[PAGE] [SWITCH] In a retired and pleasant village there once lived a little girl, who was one of the prettiest children ever seen. Her mother loved her to excess, and as to her grandmother, she was doatingly fond of her, and looked upon her as the delight of her eyes, and the comfort of her declining years. The good old dame had a little hood of scarlet velvet made for her [PAGE] [PAGE] darling, which became her so daintily, that for miles round she had been nicknamed Little Red Riding Hood.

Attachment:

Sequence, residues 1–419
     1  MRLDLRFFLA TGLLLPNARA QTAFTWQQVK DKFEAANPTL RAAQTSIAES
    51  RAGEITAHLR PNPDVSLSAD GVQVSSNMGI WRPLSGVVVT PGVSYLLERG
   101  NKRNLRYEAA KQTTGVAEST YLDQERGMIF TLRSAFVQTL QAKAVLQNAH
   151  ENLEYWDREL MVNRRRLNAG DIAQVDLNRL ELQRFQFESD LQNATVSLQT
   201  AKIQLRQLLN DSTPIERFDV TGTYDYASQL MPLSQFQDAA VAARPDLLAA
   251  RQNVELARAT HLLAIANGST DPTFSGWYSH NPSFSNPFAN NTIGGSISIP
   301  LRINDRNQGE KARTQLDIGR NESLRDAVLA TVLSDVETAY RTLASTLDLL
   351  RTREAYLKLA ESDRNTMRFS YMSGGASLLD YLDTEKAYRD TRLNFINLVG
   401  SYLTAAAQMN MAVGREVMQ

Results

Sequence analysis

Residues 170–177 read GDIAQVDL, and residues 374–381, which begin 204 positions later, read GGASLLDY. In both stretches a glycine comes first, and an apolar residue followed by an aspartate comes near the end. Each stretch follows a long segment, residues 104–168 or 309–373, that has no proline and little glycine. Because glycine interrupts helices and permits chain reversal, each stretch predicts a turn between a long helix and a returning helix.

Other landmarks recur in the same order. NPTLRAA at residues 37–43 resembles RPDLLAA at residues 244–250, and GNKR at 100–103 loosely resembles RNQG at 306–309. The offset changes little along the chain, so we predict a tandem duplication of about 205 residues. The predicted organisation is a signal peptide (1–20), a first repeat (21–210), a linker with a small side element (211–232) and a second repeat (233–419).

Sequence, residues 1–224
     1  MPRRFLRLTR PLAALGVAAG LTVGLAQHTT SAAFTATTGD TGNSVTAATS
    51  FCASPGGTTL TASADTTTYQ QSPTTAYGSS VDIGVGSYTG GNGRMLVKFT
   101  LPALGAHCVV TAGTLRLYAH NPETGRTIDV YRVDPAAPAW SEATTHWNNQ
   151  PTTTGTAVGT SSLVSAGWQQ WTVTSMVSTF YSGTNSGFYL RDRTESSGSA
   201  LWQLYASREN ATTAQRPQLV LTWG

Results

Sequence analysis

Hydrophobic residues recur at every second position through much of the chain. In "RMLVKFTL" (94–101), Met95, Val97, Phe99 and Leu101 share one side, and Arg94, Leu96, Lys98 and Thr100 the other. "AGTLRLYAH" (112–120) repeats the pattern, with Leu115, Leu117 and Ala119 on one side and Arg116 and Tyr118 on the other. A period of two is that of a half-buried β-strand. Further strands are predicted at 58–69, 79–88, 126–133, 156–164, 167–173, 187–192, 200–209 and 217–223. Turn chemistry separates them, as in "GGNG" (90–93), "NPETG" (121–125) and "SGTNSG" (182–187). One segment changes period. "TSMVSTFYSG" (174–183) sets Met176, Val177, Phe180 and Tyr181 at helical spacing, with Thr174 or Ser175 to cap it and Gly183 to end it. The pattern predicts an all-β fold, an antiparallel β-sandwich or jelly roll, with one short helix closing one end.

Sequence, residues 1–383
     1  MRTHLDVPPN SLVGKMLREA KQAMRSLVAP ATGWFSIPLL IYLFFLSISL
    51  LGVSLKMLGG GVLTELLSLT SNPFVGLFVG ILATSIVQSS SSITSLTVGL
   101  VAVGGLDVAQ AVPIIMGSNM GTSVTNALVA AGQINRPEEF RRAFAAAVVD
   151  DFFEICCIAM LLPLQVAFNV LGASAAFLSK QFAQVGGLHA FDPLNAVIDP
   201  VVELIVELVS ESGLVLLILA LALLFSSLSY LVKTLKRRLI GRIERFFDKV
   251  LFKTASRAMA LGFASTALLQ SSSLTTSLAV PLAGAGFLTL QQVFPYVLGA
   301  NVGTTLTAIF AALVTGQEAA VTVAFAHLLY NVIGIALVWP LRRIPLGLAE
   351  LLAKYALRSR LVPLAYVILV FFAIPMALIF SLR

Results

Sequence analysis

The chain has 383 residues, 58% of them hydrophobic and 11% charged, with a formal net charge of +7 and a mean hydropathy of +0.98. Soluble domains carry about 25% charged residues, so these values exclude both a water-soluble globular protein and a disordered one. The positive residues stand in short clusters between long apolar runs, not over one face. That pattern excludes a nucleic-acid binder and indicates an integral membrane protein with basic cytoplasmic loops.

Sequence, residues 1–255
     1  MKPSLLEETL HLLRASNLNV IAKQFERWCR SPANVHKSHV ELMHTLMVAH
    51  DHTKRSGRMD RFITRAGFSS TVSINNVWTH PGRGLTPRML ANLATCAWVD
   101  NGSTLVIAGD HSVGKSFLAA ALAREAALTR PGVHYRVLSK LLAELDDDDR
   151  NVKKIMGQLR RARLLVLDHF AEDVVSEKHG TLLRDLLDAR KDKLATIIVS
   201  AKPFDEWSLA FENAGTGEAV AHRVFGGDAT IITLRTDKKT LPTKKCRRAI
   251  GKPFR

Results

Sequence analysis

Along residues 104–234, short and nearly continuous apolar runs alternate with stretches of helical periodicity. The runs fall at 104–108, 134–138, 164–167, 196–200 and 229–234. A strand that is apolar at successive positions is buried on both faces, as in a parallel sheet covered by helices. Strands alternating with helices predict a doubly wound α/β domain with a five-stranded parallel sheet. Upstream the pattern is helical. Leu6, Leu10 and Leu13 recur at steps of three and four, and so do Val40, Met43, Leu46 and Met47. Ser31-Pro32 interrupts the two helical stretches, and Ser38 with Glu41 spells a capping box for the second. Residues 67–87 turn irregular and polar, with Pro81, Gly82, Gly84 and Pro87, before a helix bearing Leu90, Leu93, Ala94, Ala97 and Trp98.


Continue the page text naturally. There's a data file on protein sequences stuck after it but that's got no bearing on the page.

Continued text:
One day, when her mother had baked a batch of cakes she said to Little Red Riding Hood: "I hear your poor grandam has been ailing, so, prithee, go and see if she be any better, and take her this cake and a little pot of butter." Little Red Riding Hood, who was a willing child, and always ready to be useful, put the things into a basket, and immediately sett off for the village where her grandmother lived, which lay on the other side of a thick wood. [SWITCH] As she reached the outskirts of the forest, she met a wolf, who would have liked vastly to have devoured her at once, had there not been some wood-cutters near at hand, whom he feared might kill him in turn. So he sidled up to the little girl, and said, in as winning a tone as he could assume, "Good morning, Little Red Riding Hood." "Good morning, Master Wolf," answered she, who had no idea of being afraid of so civil a spoken animal. "And pray where may you be going so early?" quoth the wolf. "I am going to my grandmother's" replied Little Red Riding Hood, who thought there could be no harm in telling him. "And what are you carrying in your basket, my pretty little maid?" continued the wolf, sniffing its contents. "Why, a cake and a pot of butter," answered simple Little Red Riding Hood, "because grandmother has been ill." "And where does poor grandmamma live?" inquired the wolf, in a tone of great interest. "Down beyond the mill, on the other side of the wood," said she. "Well," cried the wolf, "I don't mind if I go and see her too. So I'll take this road, and do you go through the wood, and we'll see which of us shall be there first."